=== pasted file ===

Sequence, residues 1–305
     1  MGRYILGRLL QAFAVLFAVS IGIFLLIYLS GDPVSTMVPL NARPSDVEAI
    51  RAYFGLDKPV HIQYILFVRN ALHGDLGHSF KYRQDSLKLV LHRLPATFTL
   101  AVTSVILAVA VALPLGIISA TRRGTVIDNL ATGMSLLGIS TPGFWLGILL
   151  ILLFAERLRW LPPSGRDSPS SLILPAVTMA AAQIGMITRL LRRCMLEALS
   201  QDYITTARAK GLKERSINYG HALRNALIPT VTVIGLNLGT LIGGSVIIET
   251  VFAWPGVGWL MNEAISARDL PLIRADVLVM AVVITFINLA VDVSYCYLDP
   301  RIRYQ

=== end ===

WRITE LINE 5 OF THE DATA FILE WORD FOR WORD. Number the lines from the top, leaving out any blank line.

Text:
   151  ILLFAERLRW LPPSGRDSPS SLILPAVTMA AAQIGMITRL LRRCMLEALS